I don't think there are established quality "tiers." There is so much variation that trying to pigeon hole every gun into a few grades doesn't work. I think the biggest divisions lie between mass produced commercial guns, semi custom guns from outfits like Wilson, Baer, Brown, and Nighthawk, and true full house customs from guys like Burton, Christiansen, Chen, Rogers, Brian, Yost, and the like.
When you look at commercial guns the range of quality and features is substantial. From $500ish USGI replicas to things like the high end Dan Wesson stuff or Springfield TRP. When you look at true custom guns, the range of investment and features stretches from a couple thousand dollars to ten thousand or more depending on who built it.
If you really wanted to delineate a tier system, I could think of four or five distinct ranges of retail guns and probably at least three or four of custom guns, a lot of which is based on opinion. The semi custom stuff is probably the most consistent in relative quality between manufacturers, but even there you might see a $2000 range of prices.
I agree with the guys that day you're over thinking this and to basically buy what seems right.
DA/SA= Sig 9mm
Striker fired= Glock 9mm
If it's a .45= 1911
Suppressed= HK in .45
I like anything in 10mm
I look at it like this...
1. Budget production: RIA, Metro Arms, ATI, etc...mostly Asian and South American variants
2. Midrange production: Springfield, Kimber, S&W, Ruger, Colt, Sig
3. Upper level production: Dan Wesson, Some Colts, Some STI
4. Semi-custom production: Ed Brown, Wilson, Les Baer, Nighthawk, etc...
5. Full-Custom: Heirloom Precision, SVI, Harrison Customs, Springfield Custom Shop, etc...
I have owned plenty of 1911’s and for me the best bangs for your buck are newer US made Springfields and Dan Wessons. Sometimes you get lucky and find some obscure 1911 that is great. In recent years some Roberts Defense guns were cheap and very good guns for the money. I had an Ithaca 1911 produced in OH made in 2011-12ish that was one of the best fit 1911’s I had ever seen.
Use thumb-size bullets to create fist-size holes.
The list of AR-15 "tiers" has been so useful over the years. A similar list for 1911s should be equally effective.
It depends upon how one values the safety of themselves and their loved ones.
I speak jive.
I group them primarily by price bracket:
Up to $999 (Colt, Ruger, RRA, Sig, Springfield Armory, etc)
$1000-1999 (Colt, Springfield Armory, some Talo Editions, Sig)
$2000-3999 (Baer, Brown, Wilson, Talo Editions, Dan Wessons, Brice Gray, Guncrafter, etc)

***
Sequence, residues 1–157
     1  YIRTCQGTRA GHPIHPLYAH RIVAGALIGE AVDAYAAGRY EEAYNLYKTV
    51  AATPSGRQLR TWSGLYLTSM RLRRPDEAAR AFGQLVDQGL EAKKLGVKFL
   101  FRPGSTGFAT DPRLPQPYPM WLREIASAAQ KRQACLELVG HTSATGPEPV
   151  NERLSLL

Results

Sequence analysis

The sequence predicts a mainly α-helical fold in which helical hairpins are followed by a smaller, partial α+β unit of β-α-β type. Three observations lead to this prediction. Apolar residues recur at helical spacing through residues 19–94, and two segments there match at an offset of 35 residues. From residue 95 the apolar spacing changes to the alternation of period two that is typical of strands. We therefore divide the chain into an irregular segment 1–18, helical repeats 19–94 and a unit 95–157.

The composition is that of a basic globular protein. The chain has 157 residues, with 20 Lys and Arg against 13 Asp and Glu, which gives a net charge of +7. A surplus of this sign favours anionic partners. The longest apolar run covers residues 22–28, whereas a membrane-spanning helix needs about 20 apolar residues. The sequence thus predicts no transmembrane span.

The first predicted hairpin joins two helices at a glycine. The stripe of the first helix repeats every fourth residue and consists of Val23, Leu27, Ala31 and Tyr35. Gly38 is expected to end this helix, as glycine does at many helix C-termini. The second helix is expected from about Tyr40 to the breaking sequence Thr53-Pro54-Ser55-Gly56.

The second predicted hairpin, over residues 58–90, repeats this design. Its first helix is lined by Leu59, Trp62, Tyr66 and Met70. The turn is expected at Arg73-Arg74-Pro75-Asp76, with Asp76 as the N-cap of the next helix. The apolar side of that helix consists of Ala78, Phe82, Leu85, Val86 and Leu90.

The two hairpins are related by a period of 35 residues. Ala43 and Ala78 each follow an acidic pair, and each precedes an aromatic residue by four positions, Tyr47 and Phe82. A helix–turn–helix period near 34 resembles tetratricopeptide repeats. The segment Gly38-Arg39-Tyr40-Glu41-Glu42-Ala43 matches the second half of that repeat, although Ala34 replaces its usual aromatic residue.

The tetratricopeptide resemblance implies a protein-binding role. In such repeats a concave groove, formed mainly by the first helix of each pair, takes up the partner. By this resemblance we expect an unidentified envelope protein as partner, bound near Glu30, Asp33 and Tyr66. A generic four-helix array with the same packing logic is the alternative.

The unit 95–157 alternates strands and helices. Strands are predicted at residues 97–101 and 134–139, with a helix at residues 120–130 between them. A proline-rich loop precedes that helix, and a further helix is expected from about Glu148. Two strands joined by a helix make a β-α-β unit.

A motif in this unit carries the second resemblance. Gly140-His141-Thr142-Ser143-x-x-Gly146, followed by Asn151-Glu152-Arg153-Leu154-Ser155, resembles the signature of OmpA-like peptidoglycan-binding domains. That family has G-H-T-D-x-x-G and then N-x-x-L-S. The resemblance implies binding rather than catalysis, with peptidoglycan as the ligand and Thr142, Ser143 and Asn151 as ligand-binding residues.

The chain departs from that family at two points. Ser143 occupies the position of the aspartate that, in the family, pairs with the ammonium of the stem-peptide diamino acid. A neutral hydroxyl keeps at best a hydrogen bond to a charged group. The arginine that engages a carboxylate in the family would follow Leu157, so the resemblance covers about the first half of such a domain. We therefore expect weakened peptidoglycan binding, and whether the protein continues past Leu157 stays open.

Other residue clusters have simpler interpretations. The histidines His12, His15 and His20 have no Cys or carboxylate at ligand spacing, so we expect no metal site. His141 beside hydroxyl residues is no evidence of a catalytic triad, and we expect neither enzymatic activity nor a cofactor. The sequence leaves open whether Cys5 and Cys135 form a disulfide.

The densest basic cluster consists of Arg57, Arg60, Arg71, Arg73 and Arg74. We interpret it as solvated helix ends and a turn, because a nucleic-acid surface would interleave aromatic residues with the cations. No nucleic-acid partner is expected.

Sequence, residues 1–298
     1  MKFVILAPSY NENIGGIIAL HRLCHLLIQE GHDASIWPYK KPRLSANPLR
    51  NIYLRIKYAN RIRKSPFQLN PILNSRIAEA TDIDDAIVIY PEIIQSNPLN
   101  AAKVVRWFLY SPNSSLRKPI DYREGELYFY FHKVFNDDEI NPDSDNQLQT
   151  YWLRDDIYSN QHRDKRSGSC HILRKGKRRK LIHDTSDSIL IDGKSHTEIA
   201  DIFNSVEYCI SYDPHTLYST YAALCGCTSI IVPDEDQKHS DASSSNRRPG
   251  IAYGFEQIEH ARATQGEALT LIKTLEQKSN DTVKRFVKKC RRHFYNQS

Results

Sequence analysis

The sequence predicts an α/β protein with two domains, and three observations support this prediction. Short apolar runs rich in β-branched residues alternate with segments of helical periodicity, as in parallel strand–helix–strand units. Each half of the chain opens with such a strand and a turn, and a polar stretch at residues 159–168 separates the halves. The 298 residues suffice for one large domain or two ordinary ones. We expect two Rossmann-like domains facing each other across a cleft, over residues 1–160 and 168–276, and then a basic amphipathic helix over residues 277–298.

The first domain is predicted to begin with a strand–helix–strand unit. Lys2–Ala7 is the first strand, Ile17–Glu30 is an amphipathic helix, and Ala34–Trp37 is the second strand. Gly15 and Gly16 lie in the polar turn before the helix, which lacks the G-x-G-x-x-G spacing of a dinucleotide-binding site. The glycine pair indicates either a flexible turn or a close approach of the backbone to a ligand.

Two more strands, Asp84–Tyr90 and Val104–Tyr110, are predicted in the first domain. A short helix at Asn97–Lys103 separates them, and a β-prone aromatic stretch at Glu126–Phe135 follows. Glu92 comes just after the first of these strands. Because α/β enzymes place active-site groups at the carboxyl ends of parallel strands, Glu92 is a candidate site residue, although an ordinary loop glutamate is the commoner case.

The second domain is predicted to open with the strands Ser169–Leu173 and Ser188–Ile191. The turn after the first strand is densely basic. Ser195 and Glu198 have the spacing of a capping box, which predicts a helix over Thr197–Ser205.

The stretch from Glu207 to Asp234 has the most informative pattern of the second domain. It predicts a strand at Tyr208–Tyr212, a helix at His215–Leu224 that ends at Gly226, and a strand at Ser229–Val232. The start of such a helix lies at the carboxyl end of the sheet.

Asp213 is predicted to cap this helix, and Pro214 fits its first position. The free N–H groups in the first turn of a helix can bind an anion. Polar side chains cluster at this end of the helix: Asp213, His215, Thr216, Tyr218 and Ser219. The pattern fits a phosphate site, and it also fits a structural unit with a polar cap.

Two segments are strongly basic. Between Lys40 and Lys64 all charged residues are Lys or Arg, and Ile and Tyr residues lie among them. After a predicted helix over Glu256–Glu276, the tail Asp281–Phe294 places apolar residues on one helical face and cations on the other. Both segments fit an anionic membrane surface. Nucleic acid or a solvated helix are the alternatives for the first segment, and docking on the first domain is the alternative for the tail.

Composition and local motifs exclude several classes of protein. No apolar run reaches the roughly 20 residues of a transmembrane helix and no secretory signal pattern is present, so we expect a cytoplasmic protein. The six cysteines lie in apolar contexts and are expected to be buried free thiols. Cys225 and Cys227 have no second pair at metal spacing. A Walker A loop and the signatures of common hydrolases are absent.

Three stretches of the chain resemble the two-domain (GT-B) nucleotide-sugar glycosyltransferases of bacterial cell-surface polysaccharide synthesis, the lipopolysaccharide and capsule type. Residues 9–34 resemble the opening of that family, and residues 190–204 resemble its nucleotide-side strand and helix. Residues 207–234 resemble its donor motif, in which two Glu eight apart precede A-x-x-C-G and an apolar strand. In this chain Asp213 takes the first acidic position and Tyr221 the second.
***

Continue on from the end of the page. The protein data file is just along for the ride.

$4000+ (Yost Colt, Burton Colt, Rogers Colt, Bruce Gray, etc)
But after owning and shooing of bunch from all price brackets, I also think that most any decent base-1911 (a cheap Colt, Ruger, most anything really) with nothing much beyond a trigger job and minor tweaks can most often be a very nice shooing gun for no more than, say, $1500 total, or less, and that's for one where the ignition system had expert eyes on it.
You may still find that your favorite, in general, or especially once price is factored in, isn't necessarily the most expensive one or the cheapest, but that's fine/normal.
Some of them (say, a $5000 Yost Colt) is primarily different from a Brown by way of how many extra hours of manual labor was put into the checkering and other bits of craftsmanship, and while the $5000 is surely a reliable gun that shoots well (they are), it may be no more reliable or accurate than a Kobra Carry for $2500, or for that matter - a TRP or a DW or a Talo Colt with a trigger job by any competent gunsmith.
Fancy bits aside, I feel that it better shoot awesome and be super reliable once you've spent $1500-2000 on it, brand aside. Beyond that, it's just options and preferences, IMO.
Sometimes you can get lucky and find a decent shooter, dead stock, for less. But I send all of mine for a trigger job, at least, that way it gets individual attention by an expert, even if it's an ugly old beater or a Brown, I don't carry any of them that hasn't been gone through, and I'd rather have a cheap gun that was gone through than an off the shelf / production gun any day of the week, even one that's supposedly better. Piece of mind is worth $ to me.
There are definite tiers and quality. Everyone is right in putting the Brown, Wilson and Baer up towards the top. I have never shot one of those 3 but I did handle a Wilson and Baer. Both were very tight but felt great.
First 1911 I had was a Sig and it was nice also. No where near the top end but it was accurate and reliable. Best I've had is 2 Dan Wessons. A Pointman 9 and a Guardian. The PM9 was target only and the most accurate pistol I've ever shot. The Guardian was no slouch either but I couldn't get myself to carry it. Eventually sold both and I highly regret the PM9.